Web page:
On Earth, our bodies create and destroy 2 million red blood cells every second. The researchers found that astronauts were destroying 54 percent more red blood cells during the six months they were in space, or 3 million every second. These results were the same for both female and male astronauts.

Dr. Trudel’s team made this discovery thanks to techniques and methods they developed to accurately measure red blood cell destruction. These methods were then adapted to collect samples aboard the International Space Station. At Dr. Trudel’s lab at the University of Ottawa, they were able to precisely measure the tiny amounts of carbon monoxide in the breath samples from astronauts. One molecule of carbon monoxide is produced every time one molecule of heme, the deep-red pigment in red blood cells, is destroyed.

While the team didn’t measure red blood cell production directly, they assume the astronauts generated extra red blood cells to compensate for the cells they destroyed. Otherwise, the astronauts would end up with severe anemia, and would have had major health problems in space.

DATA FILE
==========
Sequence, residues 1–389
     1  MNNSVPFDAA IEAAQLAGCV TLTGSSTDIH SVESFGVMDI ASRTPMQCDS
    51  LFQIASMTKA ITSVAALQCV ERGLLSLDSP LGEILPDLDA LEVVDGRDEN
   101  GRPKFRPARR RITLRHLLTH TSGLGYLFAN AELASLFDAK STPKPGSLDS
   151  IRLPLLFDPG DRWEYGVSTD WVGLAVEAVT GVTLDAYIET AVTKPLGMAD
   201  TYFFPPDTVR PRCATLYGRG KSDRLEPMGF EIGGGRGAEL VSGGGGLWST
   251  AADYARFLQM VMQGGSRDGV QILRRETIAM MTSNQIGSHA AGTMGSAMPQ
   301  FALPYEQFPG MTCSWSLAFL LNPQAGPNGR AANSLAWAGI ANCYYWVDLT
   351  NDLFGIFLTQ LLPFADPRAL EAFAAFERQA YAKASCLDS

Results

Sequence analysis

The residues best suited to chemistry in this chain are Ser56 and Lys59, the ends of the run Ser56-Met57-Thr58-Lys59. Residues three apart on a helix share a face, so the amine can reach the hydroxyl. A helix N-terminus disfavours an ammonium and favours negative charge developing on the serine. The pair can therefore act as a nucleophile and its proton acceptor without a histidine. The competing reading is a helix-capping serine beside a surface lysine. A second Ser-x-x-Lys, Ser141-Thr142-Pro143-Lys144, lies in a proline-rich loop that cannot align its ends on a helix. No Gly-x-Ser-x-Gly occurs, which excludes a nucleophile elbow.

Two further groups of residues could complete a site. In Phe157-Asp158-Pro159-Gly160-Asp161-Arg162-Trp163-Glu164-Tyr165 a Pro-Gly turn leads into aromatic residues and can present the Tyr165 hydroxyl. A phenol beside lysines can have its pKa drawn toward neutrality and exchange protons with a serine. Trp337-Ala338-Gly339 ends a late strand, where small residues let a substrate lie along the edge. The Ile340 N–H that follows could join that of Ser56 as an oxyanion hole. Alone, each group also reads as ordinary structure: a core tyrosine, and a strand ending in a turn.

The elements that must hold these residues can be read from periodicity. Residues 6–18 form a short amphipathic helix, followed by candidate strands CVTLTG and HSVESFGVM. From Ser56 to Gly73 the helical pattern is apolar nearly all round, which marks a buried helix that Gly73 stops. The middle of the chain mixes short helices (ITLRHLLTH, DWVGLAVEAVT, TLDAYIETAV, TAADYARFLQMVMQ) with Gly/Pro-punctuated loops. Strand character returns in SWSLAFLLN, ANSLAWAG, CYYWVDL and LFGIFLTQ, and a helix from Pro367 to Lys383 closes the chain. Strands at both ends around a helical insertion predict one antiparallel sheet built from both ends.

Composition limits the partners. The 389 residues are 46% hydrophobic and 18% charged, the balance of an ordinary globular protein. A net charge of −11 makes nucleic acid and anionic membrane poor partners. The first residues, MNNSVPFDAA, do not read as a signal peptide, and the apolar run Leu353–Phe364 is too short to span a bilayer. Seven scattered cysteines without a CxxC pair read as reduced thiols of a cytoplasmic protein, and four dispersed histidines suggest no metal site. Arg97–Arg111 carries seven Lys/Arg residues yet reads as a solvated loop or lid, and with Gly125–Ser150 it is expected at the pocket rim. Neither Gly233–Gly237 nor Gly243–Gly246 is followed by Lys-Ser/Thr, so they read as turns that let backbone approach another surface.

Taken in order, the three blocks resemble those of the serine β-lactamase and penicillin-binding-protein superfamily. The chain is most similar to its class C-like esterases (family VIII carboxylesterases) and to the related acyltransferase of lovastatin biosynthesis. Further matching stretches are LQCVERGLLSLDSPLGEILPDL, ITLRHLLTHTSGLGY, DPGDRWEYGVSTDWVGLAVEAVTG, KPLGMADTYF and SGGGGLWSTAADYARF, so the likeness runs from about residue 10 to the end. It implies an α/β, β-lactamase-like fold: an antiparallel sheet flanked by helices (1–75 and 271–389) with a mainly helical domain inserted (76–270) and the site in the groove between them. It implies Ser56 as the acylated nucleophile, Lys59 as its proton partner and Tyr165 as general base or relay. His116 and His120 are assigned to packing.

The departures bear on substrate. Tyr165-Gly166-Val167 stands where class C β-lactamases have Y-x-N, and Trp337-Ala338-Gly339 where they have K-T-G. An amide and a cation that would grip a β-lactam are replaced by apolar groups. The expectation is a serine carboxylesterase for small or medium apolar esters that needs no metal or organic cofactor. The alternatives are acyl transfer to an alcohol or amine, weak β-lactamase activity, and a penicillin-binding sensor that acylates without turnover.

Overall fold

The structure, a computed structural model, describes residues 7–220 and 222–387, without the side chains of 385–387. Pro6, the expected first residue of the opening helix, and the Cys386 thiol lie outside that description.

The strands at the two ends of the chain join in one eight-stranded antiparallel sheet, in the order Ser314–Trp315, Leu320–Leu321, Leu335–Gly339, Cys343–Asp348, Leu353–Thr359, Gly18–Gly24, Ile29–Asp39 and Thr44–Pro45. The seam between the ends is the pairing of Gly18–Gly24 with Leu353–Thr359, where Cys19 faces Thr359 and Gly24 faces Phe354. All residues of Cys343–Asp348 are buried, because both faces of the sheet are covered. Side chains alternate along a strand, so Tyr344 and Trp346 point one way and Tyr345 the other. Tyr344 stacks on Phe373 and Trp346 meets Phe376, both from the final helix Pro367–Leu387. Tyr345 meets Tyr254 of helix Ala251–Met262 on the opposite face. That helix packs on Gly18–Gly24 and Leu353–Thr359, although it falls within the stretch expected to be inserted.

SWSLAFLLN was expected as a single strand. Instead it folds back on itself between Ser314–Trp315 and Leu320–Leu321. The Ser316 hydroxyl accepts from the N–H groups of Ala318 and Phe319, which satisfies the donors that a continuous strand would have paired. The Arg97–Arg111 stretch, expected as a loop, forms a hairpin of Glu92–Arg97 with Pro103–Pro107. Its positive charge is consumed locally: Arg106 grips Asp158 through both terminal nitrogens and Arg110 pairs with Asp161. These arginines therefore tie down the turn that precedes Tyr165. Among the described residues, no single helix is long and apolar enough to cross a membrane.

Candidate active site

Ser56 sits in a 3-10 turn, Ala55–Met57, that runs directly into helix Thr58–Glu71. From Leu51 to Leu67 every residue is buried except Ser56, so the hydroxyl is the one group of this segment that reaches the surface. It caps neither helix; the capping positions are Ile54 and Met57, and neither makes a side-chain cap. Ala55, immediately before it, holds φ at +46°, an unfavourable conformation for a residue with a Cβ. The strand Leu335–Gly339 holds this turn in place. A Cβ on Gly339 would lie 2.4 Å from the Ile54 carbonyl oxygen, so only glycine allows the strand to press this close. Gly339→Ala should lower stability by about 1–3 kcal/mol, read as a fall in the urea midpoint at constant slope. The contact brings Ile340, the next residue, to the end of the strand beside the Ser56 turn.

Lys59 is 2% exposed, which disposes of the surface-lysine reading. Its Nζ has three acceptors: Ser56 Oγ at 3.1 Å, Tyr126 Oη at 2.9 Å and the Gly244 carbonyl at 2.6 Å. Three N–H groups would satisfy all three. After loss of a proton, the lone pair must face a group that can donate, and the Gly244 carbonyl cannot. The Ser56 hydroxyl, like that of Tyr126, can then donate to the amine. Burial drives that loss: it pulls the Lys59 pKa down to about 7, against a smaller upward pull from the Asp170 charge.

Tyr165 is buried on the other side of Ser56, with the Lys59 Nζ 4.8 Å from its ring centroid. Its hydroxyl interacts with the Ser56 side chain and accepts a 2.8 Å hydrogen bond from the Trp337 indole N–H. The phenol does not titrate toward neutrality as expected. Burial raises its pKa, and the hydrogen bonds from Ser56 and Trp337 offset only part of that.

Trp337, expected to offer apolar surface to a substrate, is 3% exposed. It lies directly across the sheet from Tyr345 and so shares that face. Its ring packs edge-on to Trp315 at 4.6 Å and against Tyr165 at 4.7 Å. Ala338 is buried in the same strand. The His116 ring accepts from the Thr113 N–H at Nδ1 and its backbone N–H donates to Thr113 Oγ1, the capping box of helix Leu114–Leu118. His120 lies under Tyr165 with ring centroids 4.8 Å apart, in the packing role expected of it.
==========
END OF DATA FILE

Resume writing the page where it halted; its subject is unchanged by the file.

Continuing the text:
“Thankfully, having fewer red blood cells in space isn’t a problem when your body is weightless,” said Dr. Trudel. “But when landing on Earth and potentially on other planets or moons, anemia affecting your energy, endurance, and strength can threaten mission objectives. The effects of anemia are only felt once you land, and must deal with gravity again.”

In this study, five out of 13 astronauts were clinically anemic when they landed—one of the 14 astronauts did not have blood drawn on landing. The researchers saw that space-related anemia was reversible, with red blood cells levels progressively returning to normal three to four months after returning to Earth.